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QRL Tutorials - Notarize QRL-CLI

Recently a project came up that required additional security for users downloading a publicly hosted file. Utilizing the Quantum Resistant Ledger's Notarization system seemed like a logical choice. Post quantum secure cryptography and a simple user interface!

The notarization system is simple and very straightforward to use. Additionally there are some advantages to using a system like this as opposed to some of the commercially available solutions, none which seemed to solve this issue in full.

  • It allows a file of any size to be notarized on the blockchain
  • There are both front end tools and command line tools available
  • The notarization will never expire or fail to verify, being part of the blockchain
  • These notarization's are considered post quantum secure, using hash based cryptography

While not exactly a true notarization, as there is no trusted party involved to witness the transaction and verify my identity, for my purposes it is secure enough.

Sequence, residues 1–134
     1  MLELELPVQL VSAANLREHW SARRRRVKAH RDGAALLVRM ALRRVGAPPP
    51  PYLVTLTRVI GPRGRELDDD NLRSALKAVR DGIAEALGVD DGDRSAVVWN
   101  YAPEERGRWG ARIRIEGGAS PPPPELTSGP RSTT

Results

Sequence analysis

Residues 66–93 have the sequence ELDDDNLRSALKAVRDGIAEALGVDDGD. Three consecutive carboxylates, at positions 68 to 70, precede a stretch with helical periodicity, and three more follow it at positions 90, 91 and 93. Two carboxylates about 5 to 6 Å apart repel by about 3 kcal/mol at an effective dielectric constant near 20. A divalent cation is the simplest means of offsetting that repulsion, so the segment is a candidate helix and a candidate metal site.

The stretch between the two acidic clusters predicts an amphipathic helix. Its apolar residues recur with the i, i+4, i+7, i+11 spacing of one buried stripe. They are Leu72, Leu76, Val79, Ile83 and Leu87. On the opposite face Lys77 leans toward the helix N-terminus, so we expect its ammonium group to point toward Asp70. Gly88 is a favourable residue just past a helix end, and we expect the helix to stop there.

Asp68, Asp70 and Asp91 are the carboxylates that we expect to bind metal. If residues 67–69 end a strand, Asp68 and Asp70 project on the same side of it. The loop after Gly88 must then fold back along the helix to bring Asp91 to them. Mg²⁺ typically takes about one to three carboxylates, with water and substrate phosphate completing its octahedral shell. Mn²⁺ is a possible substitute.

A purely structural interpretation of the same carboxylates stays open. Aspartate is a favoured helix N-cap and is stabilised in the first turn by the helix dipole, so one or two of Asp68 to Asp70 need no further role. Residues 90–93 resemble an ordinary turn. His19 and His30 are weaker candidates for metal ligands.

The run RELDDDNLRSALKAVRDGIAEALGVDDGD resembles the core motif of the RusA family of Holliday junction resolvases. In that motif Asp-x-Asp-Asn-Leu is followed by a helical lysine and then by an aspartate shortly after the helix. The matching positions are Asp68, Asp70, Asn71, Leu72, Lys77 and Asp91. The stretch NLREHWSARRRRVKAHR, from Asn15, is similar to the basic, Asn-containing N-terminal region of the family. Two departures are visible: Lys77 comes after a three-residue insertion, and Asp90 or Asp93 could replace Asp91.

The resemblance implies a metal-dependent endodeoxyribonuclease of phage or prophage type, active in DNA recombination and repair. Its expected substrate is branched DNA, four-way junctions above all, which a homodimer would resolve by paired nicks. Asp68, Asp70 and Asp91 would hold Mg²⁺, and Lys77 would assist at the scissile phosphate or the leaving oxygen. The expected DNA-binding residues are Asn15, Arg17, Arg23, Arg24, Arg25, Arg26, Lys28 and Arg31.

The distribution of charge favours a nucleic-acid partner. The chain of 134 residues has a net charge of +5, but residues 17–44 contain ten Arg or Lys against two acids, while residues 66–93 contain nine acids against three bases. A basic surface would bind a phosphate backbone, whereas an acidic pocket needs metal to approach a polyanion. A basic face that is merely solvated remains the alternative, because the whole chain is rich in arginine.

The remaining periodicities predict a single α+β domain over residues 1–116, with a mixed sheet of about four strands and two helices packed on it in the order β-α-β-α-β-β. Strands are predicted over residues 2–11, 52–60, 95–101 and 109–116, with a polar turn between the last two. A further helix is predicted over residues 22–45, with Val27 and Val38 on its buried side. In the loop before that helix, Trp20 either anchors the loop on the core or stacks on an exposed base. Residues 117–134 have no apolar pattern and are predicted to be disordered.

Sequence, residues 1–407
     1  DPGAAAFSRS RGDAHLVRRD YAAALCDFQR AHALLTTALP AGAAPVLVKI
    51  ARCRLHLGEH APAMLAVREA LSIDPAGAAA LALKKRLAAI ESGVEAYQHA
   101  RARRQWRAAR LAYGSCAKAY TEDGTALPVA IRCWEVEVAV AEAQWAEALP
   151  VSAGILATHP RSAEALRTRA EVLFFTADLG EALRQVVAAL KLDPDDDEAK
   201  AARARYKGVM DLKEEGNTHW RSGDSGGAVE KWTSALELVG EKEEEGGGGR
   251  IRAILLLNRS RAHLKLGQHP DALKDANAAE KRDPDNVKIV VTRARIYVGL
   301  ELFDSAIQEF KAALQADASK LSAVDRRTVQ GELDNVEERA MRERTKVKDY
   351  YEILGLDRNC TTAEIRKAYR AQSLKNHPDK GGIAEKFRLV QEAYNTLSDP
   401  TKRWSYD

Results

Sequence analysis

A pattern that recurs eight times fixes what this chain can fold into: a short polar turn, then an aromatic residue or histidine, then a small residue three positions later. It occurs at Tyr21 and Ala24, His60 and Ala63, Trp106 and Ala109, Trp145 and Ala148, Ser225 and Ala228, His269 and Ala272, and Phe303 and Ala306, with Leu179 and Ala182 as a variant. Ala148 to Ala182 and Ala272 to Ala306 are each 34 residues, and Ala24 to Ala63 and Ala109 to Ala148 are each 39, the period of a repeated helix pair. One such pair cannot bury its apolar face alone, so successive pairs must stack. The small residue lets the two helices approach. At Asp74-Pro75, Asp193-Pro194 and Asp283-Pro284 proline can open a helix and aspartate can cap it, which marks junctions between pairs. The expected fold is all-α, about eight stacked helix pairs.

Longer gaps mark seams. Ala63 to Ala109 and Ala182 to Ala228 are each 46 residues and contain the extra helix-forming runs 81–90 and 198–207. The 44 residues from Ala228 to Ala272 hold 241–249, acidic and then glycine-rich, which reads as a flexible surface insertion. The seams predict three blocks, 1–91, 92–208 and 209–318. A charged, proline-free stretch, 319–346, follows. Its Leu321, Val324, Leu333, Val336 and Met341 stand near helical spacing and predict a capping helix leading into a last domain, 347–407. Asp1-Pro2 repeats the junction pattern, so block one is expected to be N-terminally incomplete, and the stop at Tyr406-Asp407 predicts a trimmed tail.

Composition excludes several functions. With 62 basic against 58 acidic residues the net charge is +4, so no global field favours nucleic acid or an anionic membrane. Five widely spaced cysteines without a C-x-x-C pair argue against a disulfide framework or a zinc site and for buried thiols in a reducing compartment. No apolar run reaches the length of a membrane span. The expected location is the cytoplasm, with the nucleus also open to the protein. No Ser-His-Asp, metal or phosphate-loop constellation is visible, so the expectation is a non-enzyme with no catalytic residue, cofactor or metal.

Project Overview

The entire goal here is to ensure authenticity of a file to ensure that the file has not been tampered with nor corrupted during the download process.

To perform this security check I've implemented a typical checksum system where the original file is verified immediately following its creation using sha256. This part is simple and very common, with software like openssl and common tools found on *nix systems like sha256sum to gather the file hashes.

These hashes are serve alongside the file and also available for download.

~$ sha256sum myfile.tar.gz
~$ e3b0c44298fc1c149afbf4c8996fb92427ae41e4649b934ca495991b7852b855 myfile.tar.gz

We will add an additional layer to this function by notarizing the file as well, forever validating the checksum has not been tampered with, secured by post quantum cryptography!

Building Blocks

Notarization is simple and relies on a few requirements and foundations.

  1. The entire notarization system is based on the security provided by the sha256sum of the file.
  2. The qrl-cli is used for the notarization function. This utility provides simple interfacing with the QRL system allowing the hash to be passed through bash scripting.
  3. A QRL Address is required with available OTS keys. We'll use the qrl-cli again to generate a new address.


Step by step process for notarizing a file on the chain through a bash script.

Generate a new QRL Address